[ Warning: Sarcasm Alert ] Friends, gamers, countrymen. I come to bury virtual collaboration, not to praise it. Outsourcing, virtual collaboration, remote workers — the buzzwords of the game industry these days. But it’s not for everyone, and here’s a few reasons why it’s not for you.
1. Outsourcing only works for art
Certainly, we have seen many companies outsourcing art both near and far, but the benefits end there. In fact, most best practices on outsourcing come only from art. No one has actually applied them in other arenas, such as in this article on writing.
2. Your company culture will get hosed
You are all about getting together and playing ping-pong after work with your co-workers. If people don’t show up at work, all that jolly team spirit will disappear. Sure, building remote systems into your company culture, such as playing games, meeting virtually, and having fun mailing lists, do work, but not for you.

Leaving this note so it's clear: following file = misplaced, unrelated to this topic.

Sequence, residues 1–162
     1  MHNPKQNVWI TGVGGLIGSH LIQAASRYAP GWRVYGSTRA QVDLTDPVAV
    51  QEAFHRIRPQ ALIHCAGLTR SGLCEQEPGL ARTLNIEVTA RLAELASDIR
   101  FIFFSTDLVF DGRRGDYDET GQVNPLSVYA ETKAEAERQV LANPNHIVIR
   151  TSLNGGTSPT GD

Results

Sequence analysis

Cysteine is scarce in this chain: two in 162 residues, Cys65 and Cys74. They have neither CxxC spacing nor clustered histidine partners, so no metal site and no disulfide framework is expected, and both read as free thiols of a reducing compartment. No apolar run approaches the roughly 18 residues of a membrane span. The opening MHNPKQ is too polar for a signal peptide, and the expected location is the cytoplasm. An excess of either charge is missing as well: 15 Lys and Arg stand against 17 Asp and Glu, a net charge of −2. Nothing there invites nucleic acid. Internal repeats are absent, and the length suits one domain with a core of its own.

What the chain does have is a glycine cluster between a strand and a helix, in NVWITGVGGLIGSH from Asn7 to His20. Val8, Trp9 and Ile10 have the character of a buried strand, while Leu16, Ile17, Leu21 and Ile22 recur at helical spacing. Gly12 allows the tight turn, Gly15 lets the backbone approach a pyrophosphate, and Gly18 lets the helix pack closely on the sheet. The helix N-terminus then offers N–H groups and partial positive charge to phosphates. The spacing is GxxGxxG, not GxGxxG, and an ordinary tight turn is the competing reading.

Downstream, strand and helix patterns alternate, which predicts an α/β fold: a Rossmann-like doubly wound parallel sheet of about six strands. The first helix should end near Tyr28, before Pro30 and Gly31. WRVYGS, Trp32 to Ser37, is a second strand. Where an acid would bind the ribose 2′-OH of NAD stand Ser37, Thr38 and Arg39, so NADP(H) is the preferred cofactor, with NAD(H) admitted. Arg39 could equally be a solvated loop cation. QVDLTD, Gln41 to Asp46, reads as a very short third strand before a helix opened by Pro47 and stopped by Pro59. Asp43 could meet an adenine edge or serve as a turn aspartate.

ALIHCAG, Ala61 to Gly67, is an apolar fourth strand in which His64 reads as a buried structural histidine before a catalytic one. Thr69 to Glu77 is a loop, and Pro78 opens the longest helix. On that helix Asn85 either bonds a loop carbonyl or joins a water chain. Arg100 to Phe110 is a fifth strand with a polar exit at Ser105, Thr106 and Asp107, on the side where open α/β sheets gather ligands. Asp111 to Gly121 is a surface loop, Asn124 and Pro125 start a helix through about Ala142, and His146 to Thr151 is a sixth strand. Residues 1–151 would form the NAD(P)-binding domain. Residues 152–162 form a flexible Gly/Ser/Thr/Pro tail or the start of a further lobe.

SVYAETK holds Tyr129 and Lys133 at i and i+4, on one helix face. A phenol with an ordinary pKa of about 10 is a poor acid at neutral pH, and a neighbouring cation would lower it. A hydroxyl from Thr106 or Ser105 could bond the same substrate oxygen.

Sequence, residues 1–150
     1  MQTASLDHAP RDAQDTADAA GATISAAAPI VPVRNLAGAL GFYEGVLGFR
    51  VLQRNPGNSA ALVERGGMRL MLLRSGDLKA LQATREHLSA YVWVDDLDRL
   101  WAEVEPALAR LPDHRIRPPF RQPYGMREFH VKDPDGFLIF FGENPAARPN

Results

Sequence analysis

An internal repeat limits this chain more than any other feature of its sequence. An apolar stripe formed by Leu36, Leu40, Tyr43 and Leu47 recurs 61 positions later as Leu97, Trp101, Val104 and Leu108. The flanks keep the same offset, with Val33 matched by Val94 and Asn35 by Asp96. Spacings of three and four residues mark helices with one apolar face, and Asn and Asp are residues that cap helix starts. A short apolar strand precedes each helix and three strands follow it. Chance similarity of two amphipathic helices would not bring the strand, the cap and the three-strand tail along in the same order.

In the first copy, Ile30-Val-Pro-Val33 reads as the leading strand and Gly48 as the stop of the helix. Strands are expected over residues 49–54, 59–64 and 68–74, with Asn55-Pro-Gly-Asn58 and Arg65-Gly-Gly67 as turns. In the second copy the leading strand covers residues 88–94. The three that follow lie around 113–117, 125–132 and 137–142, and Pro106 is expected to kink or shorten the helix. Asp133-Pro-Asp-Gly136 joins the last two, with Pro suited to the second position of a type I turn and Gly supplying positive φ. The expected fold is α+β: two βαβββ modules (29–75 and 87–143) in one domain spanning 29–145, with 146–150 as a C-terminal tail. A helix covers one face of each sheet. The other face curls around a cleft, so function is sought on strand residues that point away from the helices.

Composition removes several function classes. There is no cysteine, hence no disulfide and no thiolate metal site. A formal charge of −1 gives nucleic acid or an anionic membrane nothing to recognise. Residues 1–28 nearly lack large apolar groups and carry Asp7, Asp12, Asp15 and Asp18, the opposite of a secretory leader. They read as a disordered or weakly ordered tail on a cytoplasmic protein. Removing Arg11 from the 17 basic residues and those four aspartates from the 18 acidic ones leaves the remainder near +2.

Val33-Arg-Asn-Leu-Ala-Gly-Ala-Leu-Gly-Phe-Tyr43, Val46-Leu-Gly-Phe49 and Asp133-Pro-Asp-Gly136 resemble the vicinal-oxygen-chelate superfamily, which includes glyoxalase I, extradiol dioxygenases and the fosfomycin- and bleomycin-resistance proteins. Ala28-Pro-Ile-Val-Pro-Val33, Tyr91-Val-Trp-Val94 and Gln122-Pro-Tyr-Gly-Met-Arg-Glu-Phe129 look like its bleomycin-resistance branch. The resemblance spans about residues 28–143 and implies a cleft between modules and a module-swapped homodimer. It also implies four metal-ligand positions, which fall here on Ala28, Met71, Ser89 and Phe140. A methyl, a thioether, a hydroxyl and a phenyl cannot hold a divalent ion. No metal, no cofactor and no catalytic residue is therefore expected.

3. Remote workers don’t actually work as much as in-house workers
When your artist is sitting at his desk, you know he’s working and not surfing MySpace. When your designer is at the office until 10pm, you know it’s because she’s been grinding on that design doc, and not spending half the day goofing off. On the other hand, as soon as they go home, who knows what they’re up to. And evaluating results rather than hours worked as many suggest in this article is really not the best plan for you.
Clearly, if you need to see your workers working, only believe art outsourcing has been successful, and believe your company culture will dissolve if workers only come in once a week or year, then virtual collaboration is not for you. However, maybe, just maybe, with a bit of a designer’s mentality, you can create an environment that makes it both fun and productive to work remotely. But that’s up to you.
What are some other great reasons why virtual collaboration is not for you? Comment with your answer!